I Spy With My Little Computerized Eye
After watching one of the clips on Google’s YouTube privacy channel (youtube.com/user/googleprivacy), I now know that Google collects your query, IP address, the date and time of the search, and a cookie, every time you search. Part of the cookie and the IP address is deleted after 18 months; Google cookies now expire after 2 years, far shorter than the industry standard.
A Google spokesperson, who interestingly asked not to be named, explains the logic behind its collection policy: “Google collects and retains our server logs for three reasons: to improve our search algorithms to the benefit of our users, to defend our systems from malicious access, and to maintain the integrity of our systems, to comply with data retention legal obligations.” I understand that none of this information is truly personal in the sense that no one can connect me with it. Still, it’s a little creepy knowing that someone out there, even if it is a computer, has a record of all my Google searches. In an imperfect analogy, what if the local library used our records to provide us with suggestions for further reading or to make sure people weren’t abusing their library privileges? There would be no room for serendipity, let alone freedom of choice. And once that data exists, it could be used for unforeseen purposes.
What of Google’s other services, the ones you do sign up for, such as Google Web History and Gmail? According to the spokesperson, “In order to be as transparent as possible, we provide strong notice when users sign up for products that may collect personally identifiable information. Ultimately, the decision of what is and is not private, how much or how little information to share with Google lies in the hands of our users.” In other words, in exchange for offering up my email content on Gmail to be used to tailor ads just for me, I get a slew of free and practical email services. Depending on the service, however, my qualms about sharing information I consider more private than email content outweighs the benefits of the proposed service. As Google’s spokesperson so aptly says, “We understand that users have differing comfort levels in terms of sharing information online.” This brings us right back to where we started.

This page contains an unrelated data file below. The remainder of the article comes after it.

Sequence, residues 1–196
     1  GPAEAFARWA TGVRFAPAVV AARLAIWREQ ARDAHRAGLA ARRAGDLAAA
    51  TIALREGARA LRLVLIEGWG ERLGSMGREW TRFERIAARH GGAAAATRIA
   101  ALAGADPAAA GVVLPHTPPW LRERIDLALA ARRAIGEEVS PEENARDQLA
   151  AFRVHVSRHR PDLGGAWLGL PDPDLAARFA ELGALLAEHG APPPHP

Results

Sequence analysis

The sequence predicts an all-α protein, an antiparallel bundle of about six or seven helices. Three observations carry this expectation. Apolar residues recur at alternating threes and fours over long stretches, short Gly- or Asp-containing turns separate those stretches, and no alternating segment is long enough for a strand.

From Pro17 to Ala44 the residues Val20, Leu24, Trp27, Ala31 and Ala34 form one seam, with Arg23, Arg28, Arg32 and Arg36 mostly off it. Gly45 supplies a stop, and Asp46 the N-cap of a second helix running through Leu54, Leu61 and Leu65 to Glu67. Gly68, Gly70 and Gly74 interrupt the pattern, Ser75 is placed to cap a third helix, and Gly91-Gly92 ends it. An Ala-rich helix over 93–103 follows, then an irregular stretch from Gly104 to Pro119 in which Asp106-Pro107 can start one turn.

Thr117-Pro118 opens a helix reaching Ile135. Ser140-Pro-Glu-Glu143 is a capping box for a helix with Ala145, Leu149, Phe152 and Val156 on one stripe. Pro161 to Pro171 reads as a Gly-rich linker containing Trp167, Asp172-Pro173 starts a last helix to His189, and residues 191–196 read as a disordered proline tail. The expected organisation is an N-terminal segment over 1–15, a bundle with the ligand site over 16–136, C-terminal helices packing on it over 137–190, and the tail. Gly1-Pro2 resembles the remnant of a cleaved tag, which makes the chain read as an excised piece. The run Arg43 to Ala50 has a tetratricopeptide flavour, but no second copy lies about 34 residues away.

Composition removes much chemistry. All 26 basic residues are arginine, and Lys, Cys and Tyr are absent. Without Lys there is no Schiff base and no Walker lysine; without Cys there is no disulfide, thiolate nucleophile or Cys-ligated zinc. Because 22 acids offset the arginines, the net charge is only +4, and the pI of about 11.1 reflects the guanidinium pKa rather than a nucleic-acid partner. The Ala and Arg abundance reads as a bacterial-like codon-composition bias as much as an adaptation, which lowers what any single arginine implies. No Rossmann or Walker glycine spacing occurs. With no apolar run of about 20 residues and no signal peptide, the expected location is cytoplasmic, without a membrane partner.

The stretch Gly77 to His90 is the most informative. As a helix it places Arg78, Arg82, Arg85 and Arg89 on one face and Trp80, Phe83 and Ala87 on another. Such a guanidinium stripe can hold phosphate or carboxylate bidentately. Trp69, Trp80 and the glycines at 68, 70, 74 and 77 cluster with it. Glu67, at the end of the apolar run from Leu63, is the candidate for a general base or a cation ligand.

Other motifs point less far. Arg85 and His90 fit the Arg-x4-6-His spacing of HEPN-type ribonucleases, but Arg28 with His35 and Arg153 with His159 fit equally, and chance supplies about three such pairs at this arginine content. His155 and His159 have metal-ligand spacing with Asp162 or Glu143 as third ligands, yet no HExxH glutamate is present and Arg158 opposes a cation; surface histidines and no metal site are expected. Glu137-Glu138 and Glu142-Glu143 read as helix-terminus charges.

The question to ask then isn’t “What are we willing to exchange for free content,” but “What are we already unwittingly exchanging?” We all fill out surveys, but who among us reads the privacy policies regulating use of our private information? We all use search engines, but do we know what information these companies are collecting, and for what reasons? If we actually took the time to read the privacy policies instead of just clicking the accept button, maybe we’d think twice about bartering personal information for free content. Then again, maybe not. There’s no denying that free content is enticing.
Regardless of your comfort level with sharing personal information online, a little more awareness certainly can’t hurt. Chester believes “we need a legislative approach that ensures each individual can determine what happens with their information and data.” In other words, you should be able to make informed choices as to what you share and with whom. For him, “the gravest concern is that largely out of view of consumers and policy makers, a ubiquitous system for data collection, analysis, and subsequent targeted use has emerged as the principle organizing system for digital communication. Data collection and targeting are occurring now across applications and across platforms.” Big Brother may not be watching you, but a whole lot of other people are certainly busy collecting bits and pieces of you.
Companies Featured in this Article
Center for Digital Democracy www.democraticmedia.org
Macrovision Corp. www.macrovision.com